Wild Yaks

Wild Yaks

drong in Tibetan

The yak symbolises Tibet—and symbolises the romance of the high plateau. Indeed, Tibetan nomads cannot survive without the domesticated yak. It is thought that wild yaks were domesticated by Tibetans many centuries ago. The wild ones are still around in the Chang Thang region and parts of Amdo, but are highly endangered. It is not known how many survive in the wild in Tibet.

In pre-1950 Tibet, wild yaks could be seen in huge herds, often thundering across the grasslands, along with immense herds of kiang (wild asses). In 1939, on a three-month journey from Takster (Amdo) to Lhasa, the chief memory of the four-year-old (future) Dalai Lama was encounters with wildlife along the route: teeming herds of wild yaks, wild asses, Tibetan gazelles and antelopes. These massive herds have all disappeared from the grasslands of Tibet since Chinese invasion. Nomad yak-herders competed with wild yak grazing grounds, but the two groups co-existed (although hybridisation between wild yaks and domestic yaks is a problem). What decimated numbers of wild yaks was the arrival of Chinese soldiers and settlers in the 1960s, who machine-gunned wildlife not only for food, but for export to China—and for sport. Wild yaks were killed by the truck-load. By the late 1970s, the grasslands were eerily empty of wildlife: the wild herds were gone. Tibet's once-plentiful wildlife now faces extinction. The wild yak has gone the way of the bison in North America.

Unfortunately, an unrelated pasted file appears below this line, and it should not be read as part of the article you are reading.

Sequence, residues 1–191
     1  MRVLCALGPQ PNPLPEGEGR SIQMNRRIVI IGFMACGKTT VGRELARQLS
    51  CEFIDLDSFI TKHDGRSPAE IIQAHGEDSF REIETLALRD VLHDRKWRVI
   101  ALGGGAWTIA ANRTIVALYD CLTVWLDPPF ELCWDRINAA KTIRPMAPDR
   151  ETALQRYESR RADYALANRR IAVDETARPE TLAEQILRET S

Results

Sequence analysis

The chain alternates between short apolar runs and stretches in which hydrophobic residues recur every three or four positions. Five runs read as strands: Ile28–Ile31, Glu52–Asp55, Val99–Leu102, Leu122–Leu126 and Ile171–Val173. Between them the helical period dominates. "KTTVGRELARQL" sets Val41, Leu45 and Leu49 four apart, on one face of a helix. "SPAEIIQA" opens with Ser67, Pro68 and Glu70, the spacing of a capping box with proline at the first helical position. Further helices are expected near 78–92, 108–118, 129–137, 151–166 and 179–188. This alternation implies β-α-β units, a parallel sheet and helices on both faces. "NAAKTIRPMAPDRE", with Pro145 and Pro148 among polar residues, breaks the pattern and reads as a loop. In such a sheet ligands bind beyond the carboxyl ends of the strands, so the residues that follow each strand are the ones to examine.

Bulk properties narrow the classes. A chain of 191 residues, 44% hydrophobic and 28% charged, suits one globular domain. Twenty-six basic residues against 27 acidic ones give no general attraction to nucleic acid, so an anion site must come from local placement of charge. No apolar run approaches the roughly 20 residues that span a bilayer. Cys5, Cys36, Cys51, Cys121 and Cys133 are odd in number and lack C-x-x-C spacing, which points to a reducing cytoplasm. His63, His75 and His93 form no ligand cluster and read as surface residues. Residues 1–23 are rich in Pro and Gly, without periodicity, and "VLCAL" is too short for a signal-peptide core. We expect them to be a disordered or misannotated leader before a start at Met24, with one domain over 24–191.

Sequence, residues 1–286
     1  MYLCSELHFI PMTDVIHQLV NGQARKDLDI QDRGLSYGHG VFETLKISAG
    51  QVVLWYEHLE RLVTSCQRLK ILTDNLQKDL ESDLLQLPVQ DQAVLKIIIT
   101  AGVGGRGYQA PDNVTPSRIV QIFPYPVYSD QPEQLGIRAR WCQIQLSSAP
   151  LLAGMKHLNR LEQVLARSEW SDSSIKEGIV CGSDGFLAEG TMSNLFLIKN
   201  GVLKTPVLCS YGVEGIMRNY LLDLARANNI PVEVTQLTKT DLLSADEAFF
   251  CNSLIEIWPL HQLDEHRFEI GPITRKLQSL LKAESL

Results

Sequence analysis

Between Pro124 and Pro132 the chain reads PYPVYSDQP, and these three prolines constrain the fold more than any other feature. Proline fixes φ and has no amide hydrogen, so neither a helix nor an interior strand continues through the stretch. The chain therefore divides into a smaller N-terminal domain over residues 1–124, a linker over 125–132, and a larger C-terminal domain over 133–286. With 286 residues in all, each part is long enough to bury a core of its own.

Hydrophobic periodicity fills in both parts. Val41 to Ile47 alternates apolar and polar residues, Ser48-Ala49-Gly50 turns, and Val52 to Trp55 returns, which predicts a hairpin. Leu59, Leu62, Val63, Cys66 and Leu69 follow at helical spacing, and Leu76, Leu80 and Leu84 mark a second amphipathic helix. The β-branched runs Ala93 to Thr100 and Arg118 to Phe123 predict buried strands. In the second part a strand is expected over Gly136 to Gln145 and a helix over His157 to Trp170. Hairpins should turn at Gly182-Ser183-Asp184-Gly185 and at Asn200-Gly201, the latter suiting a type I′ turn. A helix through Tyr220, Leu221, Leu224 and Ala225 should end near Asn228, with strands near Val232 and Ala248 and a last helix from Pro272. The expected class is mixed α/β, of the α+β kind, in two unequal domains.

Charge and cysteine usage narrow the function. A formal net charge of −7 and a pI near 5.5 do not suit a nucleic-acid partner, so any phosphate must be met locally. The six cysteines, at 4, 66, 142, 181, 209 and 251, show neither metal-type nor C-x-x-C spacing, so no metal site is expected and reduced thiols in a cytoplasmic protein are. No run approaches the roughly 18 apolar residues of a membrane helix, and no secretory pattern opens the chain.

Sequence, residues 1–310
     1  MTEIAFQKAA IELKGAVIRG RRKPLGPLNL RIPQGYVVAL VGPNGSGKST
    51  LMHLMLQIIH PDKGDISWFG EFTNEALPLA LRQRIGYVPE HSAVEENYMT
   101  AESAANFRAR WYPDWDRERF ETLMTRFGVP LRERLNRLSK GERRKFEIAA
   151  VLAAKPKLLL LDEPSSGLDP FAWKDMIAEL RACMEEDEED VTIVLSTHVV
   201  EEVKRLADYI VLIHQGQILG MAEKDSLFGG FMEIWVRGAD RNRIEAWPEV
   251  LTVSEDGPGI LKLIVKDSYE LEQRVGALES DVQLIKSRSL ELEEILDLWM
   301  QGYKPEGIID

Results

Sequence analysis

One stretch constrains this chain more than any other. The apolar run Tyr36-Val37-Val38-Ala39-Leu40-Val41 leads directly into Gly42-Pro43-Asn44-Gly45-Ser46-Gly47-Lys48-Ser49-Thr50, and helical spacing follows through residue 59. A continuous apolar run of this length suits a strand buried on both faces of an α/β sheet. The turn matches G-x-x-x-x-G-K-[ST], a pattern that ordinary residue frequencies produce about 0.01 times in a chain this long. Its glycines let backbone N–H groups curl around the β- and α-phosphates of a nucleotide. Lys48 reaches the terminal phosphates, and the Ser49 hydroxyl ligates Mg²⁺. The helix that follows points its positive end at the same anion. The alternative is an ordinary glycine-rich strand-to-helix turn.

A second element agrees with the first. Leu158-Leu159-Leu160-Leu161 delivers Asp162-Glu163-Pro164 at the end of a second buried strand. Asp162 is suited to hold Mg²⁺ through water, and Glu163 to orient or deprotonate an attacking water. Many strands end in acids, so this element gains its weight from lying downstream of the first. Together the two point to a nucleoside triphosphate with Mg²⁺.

The wild yak is an enormous creature: an adult male can weigh up to 900 kilograms (equivalent to double the weight of a domestic yak), and can stand almost two metres high at the shoulder. Wild yaks mostly graze on grass and herbs. They are sure-footed over rough terrain: herds travel on snow in single file, carefully stepping on footprints left by the lead yak. The wild yak's long shaggy coat enables it to withstand violent winds and snowstorms.

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